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TRANSIT LINES... Transit Lines...  

Where Is Union Station?

By David Peter Alan

For anyone familiar with Chicago, Los Angeles, Washington, D.C. or even Toronto, it would be easy to answer that question. In each of those cities, Union Station is a distinctive landmark. In each of those cities, the famous train station also acts as a true union station, hosting Amtrak trains (also VIA Rail in Toronto), as well as local commuter trains.

Until recently, the same could be said of Denver Union Station. The stately Romanesque building had stood at 17th and Wynkoop Streets in the now-trendy neighborhood of LoDo (Lower Downtown) since 1894. It was a busy place during the golden age of rail travel but, for the past 28 years, only one daily train between Chicago and the Bay area, Amtrak’s California Zephyr, stopped there. Until recently, the C and E light rail lines operated by the Denver Regional Transportation District (RTD) went there, too. So did a privately-operated seasonal ski train to Winter Park, until 2009.

Now, all that has changed, due to a redevelopment project in the area. The building still stands, surrounded by a chain link fence. Amtrak moved out on February 1, 2011 and now stops at 21st and Wewetta Streets, three blocks away. The move is supposed to be temporary, during construction, although it will be at least 2014 before Amtrak moves back into the old station.

Meanwhile, RTD celebrated the opening of the new “Union Station” for light rail on August 15th. The first train into the new facility was greeted with speeches by politicians and music by a brass quintet from the Denver Municipal Band. Councilwoman Judy Montero praised Union Station as a symbol of Denver. RTD Board President Alba Winter talked about the money that the Union Station project would bring into the local economy. Mayor Michael Hancock looked forward to a 28-minute ride from the new “Union Station” to Denver International Airport, which will be available when the FasTracks rail initiative is completed. Under that plan, which has received Federal funding, the West Corridor to Golden is scheduled to be completed in 2013, and the airport line should open for service in 2016.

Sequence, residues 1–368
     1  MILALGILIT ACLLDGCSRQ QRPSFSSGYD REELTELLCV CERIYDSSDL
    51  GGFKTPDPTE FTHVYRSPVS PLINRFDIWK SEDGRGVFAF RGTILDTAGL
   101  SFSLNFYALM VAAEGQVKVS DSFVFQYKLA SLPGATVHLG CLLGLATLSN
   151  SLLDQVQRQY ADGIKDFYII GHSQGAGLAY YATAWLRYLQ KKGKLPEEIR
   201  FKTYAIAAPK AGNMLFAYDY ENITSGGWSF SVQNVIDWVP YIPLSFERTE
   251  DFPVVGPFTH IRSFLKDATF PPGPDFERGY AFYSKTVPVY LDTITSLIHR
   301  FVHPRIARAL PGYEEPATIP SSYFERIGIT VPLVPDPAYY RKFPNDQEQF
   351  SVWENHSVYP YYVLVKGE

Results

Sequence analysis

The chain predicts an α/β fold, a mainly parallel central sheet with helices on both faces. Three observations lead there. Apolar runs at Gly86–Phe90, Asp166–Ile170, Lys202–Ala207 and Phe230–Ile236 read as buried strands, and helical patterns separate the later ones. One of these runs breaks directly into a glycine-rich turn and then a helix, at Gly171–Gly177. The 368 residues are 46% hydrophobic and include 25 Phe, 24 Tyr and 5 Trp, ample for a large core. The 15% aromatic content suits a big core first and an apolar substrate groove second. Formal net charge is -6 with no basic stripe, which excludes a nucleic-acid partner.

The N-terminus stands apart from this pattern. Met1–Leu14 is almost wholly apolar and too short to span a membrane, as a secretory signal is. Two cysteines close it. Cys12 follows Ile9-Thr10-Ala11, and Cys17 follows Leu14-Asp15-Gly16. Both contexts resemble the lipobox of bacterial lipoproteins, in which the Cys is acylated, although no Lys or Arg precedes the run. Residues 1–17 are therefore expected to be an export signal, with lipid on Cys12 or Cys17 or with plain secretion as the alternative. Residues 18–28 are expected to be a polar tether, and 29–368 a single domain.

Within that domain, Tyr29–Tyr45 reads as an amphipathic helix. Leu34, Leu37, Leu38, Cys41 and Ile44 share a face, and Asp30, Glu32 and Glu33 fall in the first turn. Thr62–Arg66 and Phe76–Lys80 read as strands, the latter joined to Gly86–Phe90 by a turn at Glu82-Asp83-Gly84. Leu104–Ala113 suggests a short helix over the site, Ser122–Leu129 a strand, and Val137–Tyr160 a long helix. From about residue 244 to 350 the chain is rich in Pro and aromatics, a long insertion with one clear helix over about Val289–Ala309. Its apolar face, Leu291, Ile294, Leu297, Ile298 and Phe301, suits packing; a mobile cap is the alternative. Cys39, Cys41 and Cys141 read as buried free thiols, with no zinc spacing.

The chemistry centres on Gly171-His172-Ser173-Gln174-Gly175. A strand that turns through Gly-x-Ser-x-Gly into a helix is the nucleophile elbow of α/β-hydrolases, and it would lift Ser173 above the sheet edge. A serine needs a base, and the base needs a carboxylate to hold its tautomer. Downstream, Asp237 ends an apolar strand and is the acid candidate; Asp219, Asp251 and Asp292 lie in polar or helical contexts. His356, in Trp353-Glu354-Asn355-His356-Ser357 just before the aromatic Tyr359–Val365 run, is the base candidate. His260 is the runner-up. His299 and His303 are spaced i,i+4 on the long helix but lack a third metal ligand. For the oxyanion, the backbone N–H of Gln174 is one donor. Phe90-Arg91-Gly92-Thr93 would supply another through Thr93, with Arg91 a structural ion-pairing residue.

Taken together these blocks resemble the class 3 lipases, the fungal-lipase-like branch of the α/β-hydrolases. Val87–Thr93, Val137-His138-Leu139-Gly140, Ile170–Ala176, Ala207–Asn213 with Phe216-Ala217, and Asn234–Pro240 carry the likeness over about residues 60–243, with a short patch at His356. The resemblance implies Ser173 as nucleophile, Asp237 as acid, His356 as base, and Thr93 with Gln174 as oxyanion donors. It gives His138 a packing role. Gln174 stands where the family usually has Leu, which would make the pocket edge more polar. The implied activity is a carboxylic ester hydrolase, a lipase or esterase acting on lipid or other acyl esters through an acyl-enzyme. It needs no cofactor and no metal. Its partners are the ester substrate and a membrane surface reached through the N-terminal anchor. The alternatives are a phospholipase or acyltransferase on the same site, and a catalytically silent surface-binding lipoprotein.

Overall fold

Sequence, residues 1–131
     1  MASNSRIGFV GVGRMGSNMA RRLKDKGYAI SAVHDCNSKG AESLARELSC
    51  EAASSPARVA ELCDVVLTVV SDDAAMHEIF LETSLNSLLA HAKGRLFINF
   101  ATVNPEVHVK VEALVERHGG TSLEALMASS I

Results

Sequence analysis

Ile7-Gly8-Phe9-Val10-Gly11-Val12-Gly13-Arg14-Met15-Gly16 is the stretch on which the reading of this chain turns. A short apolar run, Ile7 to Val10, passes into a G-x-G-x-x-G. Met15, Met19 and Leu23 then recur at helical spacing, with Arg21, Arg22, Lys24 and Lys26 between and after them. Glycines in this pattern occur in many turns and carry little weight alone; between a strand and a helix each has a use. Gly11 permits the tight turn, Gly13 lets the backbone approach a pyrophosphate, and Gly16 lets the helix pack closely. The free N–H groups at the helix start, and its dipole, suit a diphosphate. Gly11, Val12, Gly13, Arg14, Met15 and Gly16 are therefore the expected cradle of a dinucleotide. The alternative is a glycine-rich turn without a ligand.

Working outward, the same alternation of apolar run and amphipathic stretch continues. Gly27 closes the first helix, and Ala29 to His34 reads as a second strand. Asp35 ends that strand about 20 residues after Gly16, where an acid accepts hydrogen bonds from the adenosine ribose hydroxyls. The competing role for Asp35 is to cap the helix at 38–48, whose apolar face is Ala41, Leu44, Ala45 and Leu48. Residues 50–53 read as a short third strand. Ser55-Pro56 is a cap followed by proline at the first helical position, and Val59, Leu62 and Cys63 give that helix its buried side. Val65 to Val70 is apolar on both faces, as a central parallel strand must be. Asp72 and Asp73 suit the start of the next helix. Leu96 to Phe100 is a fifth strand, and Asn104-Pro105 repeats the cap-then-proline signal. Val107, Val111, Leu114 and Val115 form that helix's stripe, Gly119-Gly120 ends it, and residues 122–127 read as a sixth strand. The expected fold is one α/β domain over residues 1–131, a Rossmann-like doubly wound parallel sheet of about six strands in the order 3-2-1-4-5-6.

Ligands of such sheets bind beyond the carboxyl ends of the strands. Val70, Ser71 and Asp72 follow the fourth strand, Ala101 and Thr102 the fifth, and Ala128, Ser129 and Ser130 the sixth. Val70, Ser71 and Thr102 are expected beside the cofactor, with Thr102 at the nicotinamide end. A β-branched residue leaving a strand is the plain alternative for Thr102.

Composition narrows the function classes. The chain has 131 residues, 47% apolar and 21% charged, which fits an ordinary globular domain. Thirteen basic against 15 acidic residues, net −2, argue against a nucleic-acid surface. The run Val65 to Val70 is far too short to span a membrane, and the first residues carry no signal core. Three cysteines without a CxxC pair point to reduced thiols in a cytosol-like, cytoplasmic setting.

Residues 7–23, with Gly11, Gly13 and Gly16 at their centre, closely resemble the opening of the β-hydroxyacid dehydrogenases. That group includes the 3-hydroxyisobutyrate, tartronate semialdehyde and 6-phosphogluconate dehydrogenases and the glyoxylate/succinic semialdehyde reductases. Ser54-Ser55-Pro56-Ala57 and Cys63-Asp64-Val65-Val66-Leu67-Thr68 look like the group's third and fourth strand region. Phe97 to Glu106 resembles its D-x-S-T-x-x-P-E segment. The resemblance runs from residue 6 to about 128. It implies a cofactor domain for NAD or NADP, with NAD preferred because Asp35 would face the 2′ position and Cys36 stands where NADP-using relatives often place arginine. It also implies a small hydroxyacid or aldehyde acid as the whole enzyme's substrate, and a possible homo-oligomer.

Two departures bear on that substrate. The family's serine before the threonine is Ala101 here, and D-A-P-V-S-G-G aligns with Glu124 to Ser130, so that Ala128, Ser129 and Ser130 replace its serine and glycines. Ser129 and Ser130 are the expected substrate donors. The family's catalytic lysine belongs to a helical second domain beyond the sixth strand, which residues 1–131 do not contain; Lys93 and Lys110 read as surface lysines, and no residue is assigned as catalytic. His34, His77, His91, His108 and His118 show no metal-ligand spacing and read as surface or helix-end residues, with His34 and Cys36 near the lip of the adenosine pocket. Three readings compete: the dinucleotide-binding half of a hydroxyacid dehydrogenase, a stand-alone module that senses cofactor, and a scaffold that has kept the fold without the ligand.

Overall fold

Despite the fanfare, the fact remains that the new “Union Station” lies approximately 1100 feet or 350 meters from the original “Union Station” building. Under FasTracks, both facilities will provide service. Commuter trains and intercity buses would join Amtrak at the original station, while light rail will go to the new facility bearing the same name. In the past, light rail had gone into the historic Union Station, but the track connection into that facility is no longer used.

Not everyone was as thrilled with the new facility as the politicians. The Colorado Rail Passenger Association (ColoRail) issued a statement that criticized the project for a lack of through track access, insufficient capacity for intercity buses and lack of a promise that the waiting room would be open and available to passengers at all times.

In addition, ColoRail expressed its concern that having two stations with the same name, but a distance apart, would cause public confusion. Their statement said: “The light rail station is labeled incorrectly... It is next to the Millennium Bridge so it should be called that. It is two blocks away form Denver Union Station which has been at its present location for over 100 years. We must call this light rail station the Millennium Bridge Station and not confuse it with the historic station.

Will Denverites and visitors actually be confused? Time will tell. Will the entire FasTracks initiative be built and operated? Mayor Hallack responded “Absolutely” but, again, time will tell. For the present, “Union Station” in Denver is a light rail station that looks like the others in the system and not the historic station that had greeted rail travelers for 117 years.